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This book focuses on the spatial experiences of Indian indentured labourers in Mauritius and Fiji and reveals previously unexplored labour movements across the so-called Indentured Archipelago. It offers a historical geographical perspective of the lives of these labourers in Mauritius and Fiji, situating their experiences in the wider context of spatial mobility and subaltern agency. The concept of re-migration - labourers moving between these colonies, and beyond - is explored, and the scale of this facet of indentured life is revealed, in a way which has not been done to date. It brings to the fore a debate on subaltern agency, and role of geography in exploring the lives of these labourers both within and between colonies. The book also brings to light the numerous proposals for the use of Indian indentured labour across the globe, highlighting the centrality of Indian indenture to the post-abolition labour discourse.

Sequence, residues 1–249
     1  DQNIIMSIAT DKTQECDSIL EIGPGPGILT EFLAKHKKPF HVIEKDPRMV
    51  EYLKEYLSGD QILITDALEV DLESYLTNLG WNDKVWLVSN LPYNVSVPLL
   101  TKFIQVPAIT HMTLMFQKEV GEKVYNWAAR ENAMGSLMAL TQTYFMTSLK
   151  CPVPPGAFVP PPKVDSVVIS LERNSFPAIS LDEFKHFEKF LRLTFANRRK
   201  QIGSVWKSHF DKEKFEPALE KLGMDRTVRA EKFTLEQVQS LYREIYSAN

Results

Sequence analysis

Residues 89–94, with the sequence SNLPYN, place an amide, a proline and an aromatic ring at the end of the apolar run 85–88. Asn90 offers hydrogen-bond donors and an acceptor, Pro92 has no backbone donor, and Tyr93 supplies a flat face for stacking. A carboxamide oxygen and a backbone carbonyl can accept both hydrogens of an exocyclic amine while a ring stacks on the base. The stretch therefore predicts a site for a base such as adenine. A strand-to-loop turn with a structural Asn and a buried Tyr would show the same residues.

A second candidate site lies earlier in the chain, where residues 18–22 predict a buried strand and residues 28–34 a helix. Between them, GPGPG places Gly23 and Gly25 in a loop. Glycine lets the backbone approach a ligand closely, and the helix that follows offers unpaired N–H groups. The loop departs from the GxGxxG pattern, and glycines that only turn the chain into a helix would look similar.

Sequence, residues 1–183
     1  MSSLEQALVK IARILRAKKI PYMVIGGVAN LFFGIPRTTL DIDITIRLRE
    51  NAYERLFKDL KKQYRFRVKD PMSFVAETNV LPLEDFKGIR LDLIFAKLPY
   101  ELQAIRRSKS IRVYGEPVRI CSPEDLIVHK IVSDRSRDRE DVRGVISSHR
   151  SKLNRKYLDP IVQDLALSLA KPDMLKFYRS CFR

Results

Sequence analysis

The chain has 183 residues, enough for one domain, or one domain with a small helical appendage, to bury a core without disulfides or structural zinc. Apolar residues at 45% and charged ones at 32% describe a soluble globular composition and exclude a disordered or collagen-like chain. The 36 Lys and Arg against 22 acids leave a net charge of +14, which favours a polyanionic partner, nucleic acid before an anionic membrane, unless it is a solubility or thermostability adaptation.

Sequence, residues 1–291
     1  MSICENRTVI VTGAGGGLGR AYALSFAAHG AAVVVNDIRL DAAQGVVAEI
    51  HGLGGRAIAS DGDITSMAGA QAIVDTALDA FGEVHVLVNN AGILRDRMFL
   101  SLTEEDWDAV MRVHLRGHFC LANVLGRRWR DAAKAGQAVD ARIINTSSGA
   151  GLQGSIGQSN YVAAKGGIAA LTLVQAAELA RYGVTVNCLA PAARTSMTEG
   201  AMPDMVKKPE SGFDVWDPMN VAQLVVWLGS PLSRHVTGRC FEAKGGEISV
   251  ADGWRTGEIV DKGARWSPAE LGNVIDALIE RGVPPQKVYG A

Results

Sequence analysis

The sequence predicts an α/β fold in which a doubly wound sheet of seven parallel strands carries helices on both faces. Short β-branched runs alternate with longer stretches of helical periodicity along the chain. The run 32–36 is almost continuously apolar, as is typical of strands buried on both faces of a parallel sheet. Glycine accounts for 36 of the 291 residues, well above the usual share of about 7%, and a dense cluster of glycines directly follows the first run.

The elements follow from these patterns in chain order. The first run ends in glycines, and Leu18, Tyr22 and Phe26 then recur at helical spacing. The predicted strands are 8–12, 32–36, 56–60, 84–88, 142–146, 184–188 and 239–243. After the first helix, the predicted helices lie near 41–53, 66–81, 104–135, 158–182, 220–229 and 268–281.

Presents a wealth of original research findings on how medieval ports actually worked, providing new insights on shipping, trade, port society and culture, and systems of regional and international integration.
Shows how Britain and its empire was not a strong centralised imperial state and that it was only through manifold activities taking place in different colonial centres with varied colonial arrangements that the surge in piracy in this period was contained and reduced.